He said, she said: CFIA does/does not have different inspection criteria for domestic and exported meats

My introduction to the real food and agriculture world was driving around Ontario with Doug and Amber Bailey. In the summer of 2001, we went on a trip to Leamington, Ontario to spend some time in greenhouses where Amber was collecting wash water and tomato samples for analysis and talking to the growers about risks. These trips were part of a program that Doug, Amber and Denton Hoffman, then General Manager of the Ontario Greenhouse Vegetable Growers, had created to protect the industry.

On that trip, Denton told me that what kept him up at night was the thought of a customer in Pittsburgh or Cleveland getting sick from one of his industry’s 200+ members products.

That one incident could close the border to the hundreds of thousands of pounds of tomatoes and cucumbers that were being shipped all over the Eastern U.S.

Trade matters in food safety – but making any customer sick isn’t great business.

The XL Foods/CFIA saga continues with drama that rivals an episode of Jersey Shore. According to the Toronto Star, CTV news obtained a set of memos from 2008, 2010 and 2011 that directed  CFIA inspectors at XL Foods to focus their attention on beef that would be shipped to Japan.

The memo says, “Our number 1 priority is to ensure this standard is met with Japan eligible carcasses.Ensure that non-Japan-eligible carcasses are not inspected for spinal cord/dura mater, OCD (other carcass defects) and minor ingesta, Ignore them.”

CFIA has responded that the memo’s content has been taken out of context and that the memo had more to do with the division of inspection labor and who inspected for what and where.

On November 28, 2012, CTV reported on a four-year-old memo sent to inspectors at the Canadian Food Inspection Agency (CFIA). The union, which represents inspectors, has recently alleged the memo directed inspection staff at XL Foods Inc. to perform certain tasks for meat destined for export to Japan, while ignoring food safety controls for domestic meat. This is categorically false.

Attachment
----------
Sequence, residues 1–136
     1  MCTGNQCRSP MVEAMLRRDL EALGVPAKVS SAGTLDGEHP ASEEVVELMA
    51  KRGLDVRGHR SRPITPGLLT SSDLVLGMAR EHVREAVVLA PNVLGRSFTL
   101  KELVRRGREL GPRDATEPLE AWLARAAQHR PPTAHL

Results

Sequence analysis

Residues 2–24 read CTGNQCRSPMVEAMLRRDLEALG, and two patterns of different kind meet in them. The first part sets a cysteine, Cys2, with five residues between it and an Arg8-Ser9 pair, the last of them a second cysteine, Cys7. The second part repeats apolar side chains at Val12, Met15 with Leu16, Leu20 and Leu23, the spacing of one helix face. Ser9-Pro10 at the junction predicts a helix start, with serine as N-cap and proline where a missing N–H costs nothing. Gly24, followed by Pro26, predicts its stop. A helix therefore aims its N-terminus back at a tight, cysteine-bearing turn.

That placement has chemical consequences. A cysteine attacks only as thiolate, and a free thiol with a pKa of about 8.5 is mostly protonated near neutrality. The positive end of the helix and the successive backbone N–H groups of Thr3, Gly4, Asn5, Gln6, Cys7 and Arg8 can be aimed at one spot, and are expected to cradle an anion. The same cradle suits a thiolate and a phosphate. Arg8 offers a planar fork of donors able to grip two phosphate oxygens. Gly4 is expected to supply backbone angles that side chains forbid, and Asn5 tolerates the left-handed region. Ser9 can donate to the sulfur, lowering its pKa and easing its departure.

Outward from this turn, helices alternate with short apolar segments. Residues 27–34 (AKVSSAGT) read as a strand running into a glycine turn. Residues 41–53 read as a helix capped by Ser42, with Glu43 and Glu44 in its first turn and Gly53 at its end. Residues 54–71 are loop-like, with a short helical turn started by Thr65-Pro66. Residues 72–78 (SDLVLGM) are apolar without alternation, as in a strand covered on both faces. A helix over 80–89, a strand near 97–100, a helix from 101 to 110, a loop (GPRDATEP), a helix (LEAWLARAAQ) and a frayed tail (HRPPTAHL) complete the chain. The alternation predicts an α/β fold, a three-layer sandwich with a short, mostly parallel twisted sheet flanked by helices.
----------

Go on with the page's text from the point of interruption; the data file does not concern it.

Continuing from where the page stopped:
This information was clarified with the union and front line inspection staff over three weeks ago when the union first brought their allegations to the CFIA’s attention. It was also explained in detail on two occasions to CTV. What the union and CTV fail to mention is that every carcass processed in Canada must meet Canada’s high food safety standards. This is required by law. There is zero tolerance for any form of contamination, and critical control points to detect problems are in place at multiple points throughout the inspection process. If at any time during inspection a potential risk to food safety is detected – regardless of the product’s destination – the line is stopped and product is held until the concern is resolved and product is in compliance.

Lost in this whole mess is the dogmatic belief that people can magically see pathogens.

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About Ben Chapman

Dr. Ben Chapman is a professor and food safety extension specialist at North Carolina State University. As a teenager, a Saturday afternoon viewing of the classic cable movie, Outbreak, sparked his interest in pathogens and public health. With the goal of less foodborne illness, his group designs, implements, and evaluates food safety strategies, messages, and media from farm-to-fork. Through reality-based research, Chapman investigates behaviors and creates interventions aimed at amateur and professional food handlers, managers, and organizational decision-makers; the gate keepers of safe food. Ben co-hosts a biweekly podcast called Food Safety Talk and tries to further engage folks online through Instagram, Twitter, Facebook, YouTube and, maybe not surprisingly, Pinterest. Follow on Twitter @benjaminchapman.